For fans of Boeing's Dreamliner airplanes, United Airlines is becoming the friendliest skies.
Boeing and United said Thursday the carrier will become the first North American airline to operate both the Boeing 787-8 Dreamliner and its new, longer sister plane, the 787-9. United took delivery of its first 787-9 on Wednesday, and will begin flying passengers on it later this month.
United said earlier this year it plans to use the 787-9 on what will become the longest Dreamliner route, a regular nonstop flight between Los Angeles and Melbourne, Australia. That service is set to start Oct. 26. Later this month, the plane will be used for flights primarily between Houston and Los Angeles, the airline said. United already operates 11 Dreamliners, and has 54 more on order.
In July, Boeing showed off the 787-9, at the Farnborough Air Show in England, hoping to drum up more customers. Already, Boeing has customer orders for 409 of the 787-9 jets, but it only delivered its first, to Air New Zealand, in July.
The 787-9 is 20 feet longer and flies up to 40 more passengers than the 186-foot-long 787-8. Both planes, and the forthcoming 787-10, which is expected to make its first flight in 2017, use 20 percent less fuel and produce 20 percent less emissions, than other, similarly sized planes.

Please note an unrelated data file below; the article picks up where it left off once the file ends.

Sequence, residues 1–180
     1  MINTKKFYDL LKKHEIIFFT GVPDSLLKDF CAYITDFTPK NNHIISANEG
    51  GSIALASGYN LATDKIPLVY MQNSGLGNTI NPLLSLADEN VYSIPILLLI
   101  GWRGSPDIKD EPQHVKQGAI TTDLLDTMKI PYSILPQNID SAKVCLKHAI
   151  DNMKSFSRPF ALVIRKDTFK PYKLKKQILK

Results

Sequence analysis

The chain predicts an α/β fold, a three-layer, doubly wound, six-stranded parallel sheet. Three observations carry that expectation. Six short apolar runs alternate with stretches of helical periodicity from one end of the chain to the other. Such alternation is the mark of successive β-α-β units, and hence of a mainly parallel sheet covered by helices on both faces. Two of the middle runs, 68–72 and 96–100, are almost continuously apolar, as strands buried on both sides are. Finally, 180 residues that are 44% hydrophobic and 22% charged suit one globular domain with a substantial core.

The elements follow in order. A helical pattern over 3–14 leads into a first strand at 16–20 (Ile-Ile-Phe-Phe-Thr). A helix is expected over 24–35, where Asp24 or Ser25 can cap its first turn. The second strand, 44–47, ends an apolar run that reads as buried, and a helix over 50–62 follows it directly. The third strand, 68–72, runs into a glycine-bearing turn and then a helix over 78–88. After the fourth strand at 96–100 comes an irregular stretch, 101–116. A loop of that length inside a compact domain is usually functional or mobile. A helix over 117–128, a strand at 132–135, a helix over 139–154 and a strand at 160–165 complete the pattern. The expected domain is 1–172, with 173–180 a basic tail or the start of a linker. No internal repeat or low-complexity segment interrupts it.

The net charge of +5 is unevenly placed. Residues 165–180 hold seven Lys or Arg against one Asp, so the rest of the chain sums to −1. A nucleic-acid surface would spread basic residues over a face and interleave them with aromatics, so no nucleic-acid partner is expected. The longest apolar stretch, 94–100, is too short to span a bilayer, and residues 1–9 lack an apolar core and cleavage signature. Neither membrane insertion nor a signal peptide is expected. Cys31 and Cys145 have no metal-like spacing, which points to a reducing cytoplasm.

The Dreamliner program has caused Boeing no end of headaches, given its long history of mechanical problems, onboard fires, worker strikes, supply chain interruptions, and other issues. But it is still considered a leap forward in aviation, largely because it's made with lighter composite materials instead of aluminum.
Boeing has said 60 customers have ordered more than 1,000 Dreamliners, for a total value of more than $240 billion. Despite the many problems the program has dealt with, including having the entire fleet grounded by the US Federal Aviation Administration in January 2013, the Dreamliner is "the most successful twin-aisle launch of a new commercial airplane in Boeing's history," the company has said.
Both the 787-8 and 787-9 have a range of 7,850 nautical miles. The 787-8 carries up to 242 passengers, while the 787-9 holds up to 280 passengers. By comparison, Airbus' direct competitor to the 787 line, the A350, can fly between 276 and 369 passengers and between 7,750 and 8,250 nautical miles, depending on the model. Airbus has received 742 orders for A350s, though it has yet to deliver the plane to customers. The A350 made its first flight a year ago.